Micro-Moments Self research before paying, seek advice before selling

These days, the power and speed of 4G networks in Thailand is being utilized more than ever, as smartphones become more accessible to a wider market. These ever-more powerful devices accompany many consumers through virtually every waking minute, and they are constantly being checked throughout the day a few minutes at a time, so what we are seeing is the emergence of the Micro-Moment phenomena.

As these moments become more prevalent, how are brands finding and using new opportunities that are emerging to connect with these hyper-connected consumers? 

The answer lies in studying behavior labelled as the "Customer Journey" which reveals what kind of behavior relates to the decision-making process before making a purchase. The tech behemoth Google has studied this thoroughly and determined 4 basic subgroups of micro-moments as follows:  

 

1. I-Want-To-Know Moments

People in this category are searching for information but not necessarily seeking to make a definite purchase. With the ease of finding information online, people are frequently triggered to find more answers through the internet, as statistics show around 66% of consumers will search for further information online after seeing a product or service that piques their interest on TV. 

 

2. I-Want-To-Go Moments

This category consists of people who are actively looking for particular goods or services, especially within their immediate vicinity. Research shows that searches that include the keywords "Near Me" have doubled within the past year.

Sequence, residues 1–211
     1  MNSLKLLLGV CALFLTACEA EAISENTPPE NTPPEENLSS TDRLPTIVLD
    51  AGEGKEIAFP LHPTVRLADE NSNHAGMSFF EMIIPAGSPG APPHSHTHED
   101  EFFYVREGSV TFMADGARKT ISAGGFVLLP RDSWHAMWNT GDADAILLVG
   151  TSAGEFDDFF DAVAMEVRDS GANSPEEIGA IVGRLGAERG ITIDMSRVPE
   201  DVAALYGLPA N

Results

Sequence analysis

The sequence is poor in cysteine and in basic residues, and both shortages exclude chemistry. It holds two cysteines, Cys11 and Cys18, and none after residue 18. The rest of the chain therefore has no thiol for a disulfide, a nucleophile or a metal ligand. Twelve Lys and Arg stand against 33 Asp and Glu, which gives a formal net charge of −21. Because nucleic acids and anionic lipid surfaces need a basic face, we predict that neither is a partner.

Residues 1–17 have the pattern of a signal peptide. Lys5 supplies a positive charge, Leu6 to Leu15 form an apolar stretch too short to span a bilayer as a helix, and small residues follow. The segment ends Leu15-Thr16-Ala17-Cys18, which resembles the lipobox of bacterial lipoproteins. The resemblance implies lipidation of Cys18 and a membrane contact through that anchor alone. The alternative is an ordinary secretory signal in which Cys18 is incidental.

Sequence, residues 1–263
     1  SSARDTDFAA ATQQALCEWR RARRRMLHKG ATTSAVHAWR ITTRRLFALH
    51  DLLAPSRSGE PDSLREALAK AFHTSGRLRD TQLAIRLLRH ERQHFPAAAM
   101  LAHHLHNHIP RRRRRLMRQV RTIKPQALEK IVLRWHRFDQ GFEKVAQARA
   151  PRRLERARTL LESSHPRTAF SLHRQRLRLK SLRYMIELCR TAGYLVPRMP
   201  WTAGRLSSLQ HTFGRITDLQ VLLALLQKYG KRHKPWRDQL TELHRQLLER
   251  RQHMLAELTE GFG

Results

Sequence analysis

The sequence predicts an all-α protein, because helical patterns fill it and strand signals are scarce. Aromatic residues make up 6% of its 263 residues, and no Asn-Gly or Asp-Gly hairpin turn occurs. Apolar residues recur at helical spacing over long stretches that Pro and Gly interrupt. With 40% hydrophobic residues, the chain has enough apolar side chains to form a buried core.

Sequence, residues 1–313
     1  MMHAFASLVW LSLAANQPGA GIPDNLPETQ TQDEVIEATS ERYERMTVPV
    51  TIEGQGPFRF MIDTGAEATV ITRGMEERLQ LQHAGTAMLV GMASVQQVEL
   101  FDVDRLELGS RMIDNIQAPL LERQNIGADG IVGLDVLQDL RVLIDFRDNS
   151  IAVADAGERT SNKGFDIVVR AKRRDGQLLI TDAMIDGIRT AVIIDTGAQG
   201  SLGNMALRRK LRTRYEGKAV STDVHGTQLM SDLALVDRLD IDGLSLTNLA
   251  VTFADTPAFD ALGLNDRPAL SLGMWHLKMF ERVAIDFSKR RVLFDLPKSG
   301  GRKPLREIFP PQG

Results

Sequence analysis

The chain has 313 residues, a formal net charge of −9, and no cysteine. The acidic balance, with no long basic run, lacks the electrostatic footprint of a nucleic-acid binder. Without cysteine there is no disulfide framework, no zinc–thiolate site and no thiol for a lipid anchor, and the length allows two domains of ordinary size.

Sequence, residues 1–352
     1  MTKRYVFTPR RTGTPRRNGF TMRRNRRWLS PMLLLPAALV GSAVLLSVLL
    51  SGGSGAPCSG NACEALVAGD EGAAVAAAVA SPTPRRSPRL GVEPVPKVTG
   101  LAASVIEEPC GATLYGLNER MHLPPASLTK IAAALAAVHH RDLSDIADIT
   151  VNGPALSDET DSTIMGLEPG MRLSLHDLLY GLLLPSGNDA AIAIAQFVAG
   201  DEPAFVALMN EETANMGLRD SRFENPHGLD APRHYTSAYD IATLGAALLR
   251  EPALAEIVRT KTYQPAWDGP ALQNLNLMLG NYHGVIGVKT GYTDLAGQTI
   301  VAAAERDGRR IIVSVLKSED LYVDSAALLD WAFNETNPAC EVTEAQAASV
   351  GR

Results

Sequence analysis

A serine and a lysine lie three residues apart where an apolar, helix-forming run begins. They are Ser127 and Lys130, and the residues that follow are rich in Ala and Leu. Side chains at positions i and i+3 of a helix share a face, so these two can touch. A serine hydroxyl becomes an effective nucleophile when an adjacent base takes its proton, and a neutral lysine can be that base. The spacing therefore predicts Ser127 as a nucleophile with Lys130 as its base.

3. I-Want-To-Do Moments

These moments can occur both before or after a purchase, as consumers feel the desire to learn a skill or technique, especially something they have never done before. This is evidenced by a 70% jump in searches for videos on YouTube that contain the words "How to" compared to one year ago.  

 

4. I-Want-To-Buy Moments

These occur with active shoppers, who are in the midst of physical or virtual shopping. Around 82% of consumers now use their smartphones to search for more data that will help them make a more informed choice. 

 

Case Study

While some brands see the increased opportunity for consumers to discover competitors as a grave threat to business, some, such as cosmetics giant Sephora, see smartphones as a vital key to reaching more potential customers. Sephora's research showed that buyers tended to search for product reviews before deciding what to buy, so they decided to beef up their Mobile Website presence to address this specific content need, and then make it easier to capture sales.